It’s time to end solitary confinement behind bars

As a forensic psychiatrist, I have studied and testified in court for over four decades about the harms of solitary confinement.

Research indicates it does not reduce violence behind bars, and in US states where the population in solitary confinement has been reduced, the result has actually been a reduction in the rate of prison violence.

The harm stems from social isolation and forced idleness. Human beings are social creatures who need human engagement and meaningful productive activities to sustain mental stability, healthy relationships and productive pro-social pursuits.

Forced isolation leads to a decimation of life skills, including the capacity to resolve differences peacefully, and that explains why there is less violence in the prisons when the use of solitary confinement declines.

The well-known psychological effects of being alone in a cell nearly 24 hours per day with no meaningful activities include severe anxiety, panic, paranoia, problems with memory and concentration that make reading and studying nearly impossible, despair, depression, self-mutilation, the exacerbation of mental illness and an extraordinarily high rate of suicide. Solitary confinement also worsens medical conditions such as heart disease, hypertension and diabetes.

It’s no surprise that individuals who have spent significant time in solitary are at a much-heightened risk of substance abuse and crime, subsequent to their release from prison. They also have an increased mortality rate from all causes in the year following their release. Solitary confinement is disproportionately inflicted on Black, Latino, Native American and other people of colour.

The United Nations Special Rapporteur on Torture declared solitary confinement for more than 15 days to be torture, and the United Nations Standard Minimum Rules for the Treatment of Prisoners (the Mandela Rules) prohibit more than 15 days of solitary confinement.

Yet, in the US, more than 120,000 prisoners are consigned to solitary confinement, many for years and even decades.

Dennis Wayne Hope spent 27 years in solitary confinement in the Texas Department of Criminal Justice.  The Box: 27 Years in Solitary Confinement, a recent 30-minute documentary on Al Jazeera Fault Lines tells his story.

Hope speaks frankly on camera about the devastating effects of solitary confinement, including an impulse to self-harm, massive despair and frighteningly altered thoughts and perceptions. It is notable that he was convicted for non-violent robberies, so he is hardly “the worst of the worst,” the label prison authorities use to stigmatise individuals they put in solitary confinement.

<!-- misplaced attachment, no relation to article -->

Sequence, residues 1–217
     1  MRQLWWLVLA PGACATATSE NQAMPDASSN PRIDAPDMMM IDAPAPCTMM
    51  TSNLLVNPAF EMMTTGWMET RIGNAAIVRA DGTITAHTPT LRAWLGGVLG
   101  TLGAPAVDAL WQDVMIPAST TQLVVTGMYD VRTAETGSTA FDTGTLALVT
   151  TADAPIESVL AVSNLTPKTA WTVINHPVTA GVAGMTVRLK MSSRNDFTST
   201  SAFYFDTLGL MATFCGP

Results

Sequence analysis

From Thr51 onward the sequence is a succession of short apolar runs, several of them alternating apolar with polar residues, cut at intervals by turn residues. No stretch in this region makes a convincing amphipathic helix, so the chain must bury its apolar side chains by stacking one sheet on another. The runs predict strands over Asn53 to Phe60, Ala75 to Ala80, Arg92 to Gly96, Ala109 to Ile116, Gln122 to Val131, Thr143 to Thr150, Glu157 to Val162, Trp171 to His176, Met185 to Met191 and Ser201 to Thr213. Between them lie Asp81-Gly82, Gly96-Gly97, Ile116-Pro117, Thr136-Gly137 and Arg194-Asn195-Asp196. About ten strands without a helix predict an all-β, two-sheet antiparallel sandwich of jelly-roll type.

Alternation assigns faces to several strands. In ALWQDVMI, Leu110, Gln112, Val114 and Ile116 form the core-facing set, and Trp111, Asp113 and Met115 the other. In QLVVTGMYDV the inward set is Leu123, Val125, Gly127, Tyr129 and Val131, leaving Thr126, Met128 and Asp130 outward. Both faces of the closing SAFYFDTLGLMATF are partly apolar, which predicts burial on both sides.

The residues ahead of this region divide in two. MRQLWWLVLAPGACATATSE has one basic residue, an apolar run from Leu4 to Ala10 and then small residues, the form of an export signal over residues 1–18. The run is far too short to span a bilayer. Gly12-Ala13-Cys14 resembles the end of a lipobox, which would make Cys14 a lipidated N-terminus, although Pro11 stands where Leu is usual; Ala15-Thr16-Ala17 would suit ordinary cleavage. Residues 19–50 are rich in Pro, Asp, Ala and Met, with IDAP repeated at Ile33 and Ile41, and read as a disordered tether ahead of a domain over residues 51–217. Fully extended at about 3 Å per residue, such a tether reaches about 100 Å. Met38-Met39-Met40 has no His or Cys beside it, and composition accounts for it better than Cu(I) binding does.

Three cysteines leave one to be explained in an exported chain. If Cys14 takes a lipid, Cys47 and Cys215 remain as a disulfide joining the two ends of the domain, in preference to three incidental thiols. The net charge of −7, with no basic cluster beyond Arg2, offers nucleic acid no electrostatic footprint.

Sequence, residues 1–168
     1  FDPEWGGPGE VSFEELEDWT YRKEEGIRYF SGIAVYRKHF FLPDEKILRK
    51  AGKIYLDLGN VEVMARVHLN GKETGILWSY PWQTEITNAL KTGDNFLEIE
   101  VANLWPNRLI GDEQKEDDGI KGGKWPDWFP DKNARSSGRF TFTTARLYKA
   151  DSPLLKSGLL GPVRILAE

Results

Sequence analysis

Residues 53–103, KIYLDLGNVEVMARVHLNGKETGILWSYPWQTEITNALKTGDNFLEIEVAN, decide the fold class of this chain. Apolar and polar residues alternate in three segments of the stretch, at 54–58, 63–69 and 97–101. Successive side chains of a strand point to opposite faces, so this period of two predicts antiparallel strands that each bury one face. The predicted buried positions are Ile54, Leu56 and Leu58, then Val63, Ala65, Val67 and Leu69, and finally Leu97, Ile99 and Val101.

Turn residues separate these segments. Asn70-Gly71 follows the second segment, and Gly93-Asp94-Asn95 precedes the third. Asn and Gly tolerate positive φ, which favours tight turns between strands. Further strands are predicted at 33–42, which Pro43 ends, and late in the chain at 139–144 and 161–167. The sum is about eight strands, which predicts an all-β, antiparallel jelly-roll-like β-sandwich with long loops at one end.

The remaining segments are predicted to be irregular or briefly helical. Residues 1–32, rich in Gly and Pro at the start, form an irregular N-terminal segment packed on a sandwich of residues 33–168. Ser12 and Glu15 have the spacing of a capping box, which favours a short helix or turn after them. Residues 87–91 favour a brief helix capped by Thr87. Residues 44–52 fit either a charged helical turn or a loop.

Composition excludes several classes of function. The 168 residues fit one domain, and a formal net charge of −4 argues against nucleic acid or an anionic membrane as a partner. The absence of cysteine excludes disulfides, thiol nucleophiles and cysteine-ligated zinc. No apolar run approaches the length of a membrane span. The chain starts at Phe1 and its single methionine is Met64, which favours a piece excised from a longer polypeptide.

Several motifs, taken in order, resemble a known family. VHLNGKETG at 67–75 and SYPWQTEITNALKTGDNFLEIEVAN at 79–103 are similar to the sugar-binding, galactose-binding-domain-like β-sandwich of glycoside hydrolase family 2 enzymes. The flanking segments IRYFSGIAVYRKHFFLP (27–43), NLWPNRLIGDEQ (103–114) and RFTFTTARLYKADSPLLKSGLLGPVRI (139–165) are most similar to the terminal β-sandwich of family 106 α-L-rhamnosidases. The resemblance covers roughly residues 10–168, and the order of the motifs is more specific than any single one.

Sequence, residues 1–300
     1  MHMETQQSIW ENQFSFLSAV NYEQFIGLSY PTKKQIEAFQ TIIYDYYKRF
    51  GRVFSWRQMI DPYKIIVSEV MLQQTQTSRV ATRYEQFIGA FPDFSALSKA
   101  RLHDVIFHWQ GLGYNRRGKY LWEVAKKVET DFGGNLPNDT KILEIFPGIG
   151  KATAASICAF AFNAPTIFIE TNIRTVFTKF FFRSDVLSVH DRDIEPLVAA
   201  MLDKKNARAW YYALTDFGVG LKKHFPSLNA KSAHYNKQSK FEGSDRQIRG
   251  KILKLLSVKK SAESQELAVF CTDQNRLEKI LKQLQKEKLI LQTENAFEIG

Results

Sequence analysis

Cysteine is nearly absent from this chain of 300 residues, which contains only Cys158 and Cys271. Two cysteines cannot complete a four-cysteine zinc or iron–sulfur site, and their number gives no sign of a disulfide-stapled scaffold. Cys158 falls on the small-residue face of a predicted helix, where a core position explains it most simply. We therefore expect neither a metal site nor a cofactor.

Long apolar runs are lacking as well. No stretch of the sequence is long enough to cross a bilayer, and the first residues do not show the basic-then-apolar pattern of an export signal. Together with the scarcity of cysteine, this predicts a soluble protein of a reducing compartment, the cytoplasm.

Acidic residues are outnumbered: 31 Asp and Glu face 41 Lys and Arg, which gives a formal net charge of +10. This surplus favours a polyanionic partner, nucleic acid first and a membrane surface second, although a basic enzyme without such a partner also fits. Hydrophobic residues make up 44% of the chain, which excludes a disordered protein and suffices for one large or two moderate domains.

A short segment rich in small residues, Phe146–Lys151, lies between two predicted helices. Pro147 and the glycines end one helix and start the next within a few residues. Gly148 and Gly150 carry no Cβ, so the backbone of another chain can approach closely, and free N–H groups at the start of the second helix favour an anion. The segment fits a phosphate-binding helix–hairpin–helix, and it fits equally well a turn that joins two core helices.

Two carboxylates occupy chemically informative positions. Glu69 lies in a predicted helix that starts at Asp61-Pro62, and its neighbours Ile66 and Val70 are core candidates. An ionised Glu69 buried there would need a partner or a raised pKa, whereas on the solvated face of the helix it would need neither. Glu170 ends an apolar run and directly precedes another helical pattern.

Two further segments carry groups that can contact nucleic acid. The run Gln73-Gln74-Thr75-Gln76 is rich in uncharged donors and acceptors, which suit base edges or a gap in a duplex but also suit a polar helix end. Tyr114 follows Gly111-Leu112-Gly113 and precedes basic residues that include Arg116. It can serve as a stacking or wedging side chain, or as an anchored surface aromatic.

He escaped prison twice in the 1990s, resulting in his being sent to solitary confinement for 27 years. His journey is remarkable in the ways he figured out how to maintain his emotional stability as well as his quest for freedom under extraordinarily harsh conditions. This must-see documentary provides rich and inspiring lessons in resilience as well as ingenuity in devising ways to remain sane in a psychosis-inducing torture-chamber.

Hope exhibited remarkable emotional stability against all odds while in “The Box” for 27 years. But individuals who suffer from serious mental illness are condemned to experience even worse mental illness in solitary confinement.

Still, in many departments of correction, people with serious mental illness are selectively consigned to solitary confinement and left there for years, usually in the context of very substandard correctional mental health services. An explosive growth in the number of prisoners with serious mental illness occurred subsequent to de-institutionalisation and the incremental defunding of public mental health services.

The neoliberal agenda since the mid-1970s has been to dismantle social welfare safety net programmes, including public mental health, vocational support and affordable housing. As a result, the population in psychiatric hospitals has dramatically shrunk while the number of people with serious mental illness in jail and prison has grown geometrically. There are currently far more people with serious mental illness in jails and prisons than there are in psychiatric hospitals.